God is a metaphorical intelligent canvas that creates art onto itself from itself.
Reality itself is this intelligence. The essence of this intelligence is Void. The Void, in this context, refers to a supreme and superb paradox that is simultaneously nothing and everything.
This Void, this spaciousness, and inherent “no-thingness” is the source pool of all intelligence.
The source pool is the epitome of Chaos. Using the word chaos in this context is not implying the opposite of order, for this concept, understand the opposite of order as disorder.
Chaos, in this context, is pure potential energy.
It is ready to be anything and everything because it is all at once anything and everything and yet it is nothing. This profound paradox produces a dynamic tension of all that could be and that which is not. At a microcosmic level, this can be comparative to the igniter of the big bangs of the multiverse.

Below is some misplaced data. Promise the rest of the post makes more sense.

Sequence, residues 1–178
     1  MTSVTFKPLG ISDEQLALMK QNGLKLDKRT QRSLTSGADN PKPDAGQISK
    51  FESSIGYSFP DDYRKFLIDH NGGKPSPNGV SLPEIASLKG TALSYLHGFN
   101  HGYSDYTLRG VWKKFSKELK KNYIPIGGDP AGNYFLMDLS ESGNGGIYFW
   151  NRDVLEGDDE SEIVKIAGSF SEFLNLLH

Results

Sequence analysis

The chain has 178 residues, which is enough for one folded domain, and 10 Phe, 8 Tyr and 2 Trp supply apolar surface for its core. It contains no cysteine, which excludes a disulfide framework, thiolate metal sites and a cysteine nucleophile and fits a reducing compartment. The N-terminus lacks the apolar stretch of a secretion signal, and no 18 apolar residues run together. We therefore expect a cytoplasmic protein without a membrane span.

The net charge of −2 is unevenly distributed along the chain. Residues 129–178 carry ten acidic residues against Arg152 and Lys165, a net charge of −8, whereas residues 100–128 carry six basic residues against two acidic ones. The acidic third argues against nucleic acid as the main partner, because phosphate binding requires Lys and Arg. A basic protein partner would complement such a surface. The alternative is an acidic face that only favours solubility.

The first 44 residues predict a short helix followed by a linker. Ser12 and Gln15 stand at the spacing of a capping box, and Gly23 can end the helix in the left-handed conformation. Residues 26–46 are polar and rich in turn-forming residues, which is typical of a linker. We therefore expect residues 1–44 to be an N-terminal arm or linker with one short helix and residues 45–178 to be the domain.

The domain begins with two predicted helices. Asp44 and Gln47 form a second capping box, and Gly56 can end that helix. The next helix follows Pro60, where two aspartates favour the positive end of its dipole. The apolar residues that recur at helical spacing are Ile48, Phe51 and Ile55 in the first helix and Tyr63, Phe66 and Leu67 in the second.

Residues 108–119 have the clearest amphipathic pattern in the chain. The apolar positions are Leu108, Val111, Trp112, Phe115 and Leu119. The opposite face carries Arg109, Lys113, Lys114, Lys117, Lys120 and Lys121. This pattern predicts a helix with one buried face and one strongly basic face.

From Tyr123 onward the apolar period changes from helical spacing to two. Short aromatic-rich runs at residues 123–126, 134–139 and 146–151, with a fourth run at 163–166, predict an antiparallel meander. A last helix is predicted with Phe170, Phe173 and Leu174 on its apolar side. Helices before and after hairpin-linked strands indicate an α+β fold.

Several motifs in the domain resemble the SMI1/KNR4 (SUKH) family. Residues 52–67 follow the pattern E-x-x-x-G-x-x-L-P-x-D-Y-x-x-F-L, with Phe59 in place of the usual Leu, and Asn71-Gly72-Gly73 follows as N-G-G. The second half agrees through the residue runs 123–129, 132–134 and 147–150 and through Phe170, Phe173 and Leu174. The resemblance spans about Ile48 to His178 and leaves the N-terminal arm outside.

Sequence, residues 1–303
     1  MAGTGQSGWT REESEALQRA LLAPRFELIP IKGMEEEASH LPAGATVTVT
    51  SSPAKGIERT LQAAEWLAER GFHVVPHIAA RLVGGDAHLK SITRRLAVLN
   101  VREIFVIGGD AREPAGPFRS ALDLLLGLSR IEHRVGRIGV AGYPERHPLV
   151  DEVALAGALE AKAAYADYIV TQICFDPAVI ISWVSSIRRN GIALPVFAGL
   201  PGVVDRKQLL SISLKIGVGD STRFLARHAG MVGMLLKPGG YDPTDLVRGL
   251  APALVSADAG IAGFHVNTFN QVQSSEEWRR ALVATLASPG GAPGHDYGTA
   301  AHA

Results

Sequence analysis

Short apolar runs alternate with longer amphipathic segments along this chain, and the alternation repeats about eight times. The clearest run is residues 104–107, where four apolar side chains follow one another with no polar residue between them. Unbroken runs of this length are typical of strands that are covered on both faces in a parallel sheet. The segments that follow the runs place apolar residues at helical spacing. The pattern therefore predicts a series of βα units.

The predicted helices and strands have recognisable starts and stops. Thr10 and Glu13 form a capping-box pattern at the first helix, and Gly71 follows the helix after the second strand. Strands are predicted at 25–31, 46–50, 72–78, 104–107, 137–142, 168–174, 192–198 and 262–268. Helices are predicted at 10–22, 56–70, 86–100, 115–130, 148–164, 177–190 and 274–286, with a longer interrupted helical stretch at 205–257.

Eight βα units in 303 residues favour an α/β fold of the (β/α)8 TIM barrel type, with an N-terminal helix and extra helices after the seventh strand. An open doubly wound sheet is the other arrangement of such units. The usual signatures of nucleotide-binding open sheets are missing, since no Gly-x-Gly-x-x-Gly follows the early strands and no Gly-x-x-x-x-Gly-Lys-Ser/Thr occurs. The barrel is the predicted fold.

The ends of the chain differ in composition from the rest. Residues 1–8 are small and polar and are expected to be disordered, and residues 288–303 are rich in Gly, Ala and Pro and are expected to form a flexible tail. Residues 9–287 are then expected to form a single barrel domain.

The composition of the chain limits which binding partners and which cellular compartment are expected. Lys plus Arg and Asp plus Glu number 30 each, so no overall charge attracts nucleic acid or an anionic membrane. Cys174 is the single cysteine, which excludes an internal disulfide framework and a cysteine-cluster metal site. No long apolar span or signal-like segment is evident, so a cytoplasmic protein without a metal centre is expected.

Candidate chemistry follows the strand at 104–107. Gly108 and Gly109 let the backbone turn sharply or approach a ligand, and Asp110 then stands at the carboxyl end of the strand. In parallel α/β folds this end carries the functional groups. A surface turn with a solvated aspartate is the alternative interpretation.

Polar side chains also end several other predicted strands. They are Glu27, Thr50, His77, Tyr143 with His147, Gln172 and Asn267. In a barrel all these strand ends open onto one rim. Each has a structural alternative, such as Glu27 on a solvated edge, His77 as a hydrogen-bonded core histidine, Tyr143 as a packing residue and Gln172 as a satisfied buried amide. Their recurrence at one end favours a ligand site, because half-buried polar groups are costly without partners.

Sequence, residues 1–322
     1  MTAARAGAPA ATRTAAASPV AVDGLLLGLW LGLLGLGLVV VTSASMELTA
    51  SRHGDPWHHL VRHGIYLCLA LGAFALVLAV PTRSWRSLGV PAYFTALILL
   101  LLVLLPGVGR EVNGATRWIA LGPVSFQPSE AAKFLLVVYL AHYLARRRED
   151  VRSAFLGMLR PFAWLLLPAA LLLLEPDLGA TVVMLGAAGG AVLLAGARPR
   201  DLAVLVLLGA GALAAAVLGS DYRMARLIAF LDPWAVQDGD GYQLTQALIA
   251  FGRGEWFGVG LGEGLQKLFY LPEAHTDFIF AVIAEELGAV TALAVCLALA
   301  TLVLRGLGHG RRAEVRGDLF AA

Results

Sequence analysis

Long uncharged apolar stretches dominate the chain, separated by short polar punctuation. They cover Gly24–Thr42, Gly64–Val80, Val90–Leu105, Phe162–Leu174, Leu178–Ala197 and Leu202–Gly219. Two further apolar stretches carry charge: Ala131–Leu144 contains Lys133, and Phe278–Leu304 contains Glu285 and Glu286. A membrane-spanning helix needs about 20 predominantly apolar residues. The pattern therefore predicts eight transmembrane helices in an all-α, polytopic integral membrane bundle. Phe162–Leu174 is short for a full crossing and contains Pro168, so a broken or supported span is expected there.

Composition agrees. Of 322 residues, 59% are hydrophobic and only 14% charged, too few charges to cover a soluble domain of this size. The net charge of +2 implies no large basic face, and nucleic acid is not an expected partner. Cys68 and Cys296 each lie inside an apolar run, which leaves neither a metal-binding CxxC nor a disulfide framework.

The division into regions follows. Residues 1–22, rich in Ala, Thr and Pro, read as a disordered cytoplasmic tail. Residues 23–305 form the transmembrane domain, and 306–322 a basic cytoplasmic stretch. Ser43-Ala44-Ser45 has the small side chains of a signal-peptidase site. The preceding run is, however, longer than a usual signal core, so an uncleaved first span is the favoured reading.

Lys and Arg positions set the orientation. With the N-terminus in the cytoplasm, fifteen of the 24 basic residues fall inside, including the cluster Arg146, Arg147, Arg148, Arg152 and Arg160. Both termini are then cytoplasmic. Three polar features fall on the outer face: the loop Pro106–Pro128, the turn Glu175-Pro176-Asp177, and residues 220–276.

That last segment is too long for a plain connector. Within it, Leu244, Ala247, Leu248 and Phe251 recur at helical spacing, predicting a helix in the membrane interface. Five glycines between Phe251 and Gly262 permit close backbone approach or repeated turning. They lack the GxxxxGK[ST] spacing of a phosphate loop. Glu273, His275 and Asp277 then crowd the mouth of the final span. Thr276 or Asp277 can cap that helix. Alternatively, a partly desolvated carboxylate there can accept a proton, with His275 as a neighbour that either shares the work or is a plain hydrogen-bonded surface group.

This dynamic tension creates a friction in which causes a simultaneous reflection and projection of something out of nothing. This Void/Chaos gives birth to the Monad, the One, the root intelligence of reality that many refer to as God.
In Hermetic traditions, initiates are taught a law or principle of the universe which states; “As above, so below. As within, so without."
This principle is also indicated in Biblical text with the loose English translation that states:
“So God created mankind in his own image, in the image of God he created them, male and female he created them” -Genesis 1:27.
Male and female, the perfect example of duality.
In order to understand the concept of the existence of the Monad, one must recognize the dualistic nature of its essence which brings us back to the paradox of nothing/something in dynamic tension.
This concept is well known in the east as Yin and Yang. Yin being related to the foundational nothingness and Yang related to the expanding somethingness.
The Monad is the Yang “something,” from which sprang forth the Yin nothingness, the Void/Chaos.
This cosmic law exists from the creation of The Monad, which eventually divides into the Diad and trickles its way down to rudimentary cellular division known as Mitosis.
God is here, and God is there. God is this and God is that. God is not and not is that.
William Shakespeare gracefully sums this concept up in one simple sentence, “Nothing is but thinking makes it so.”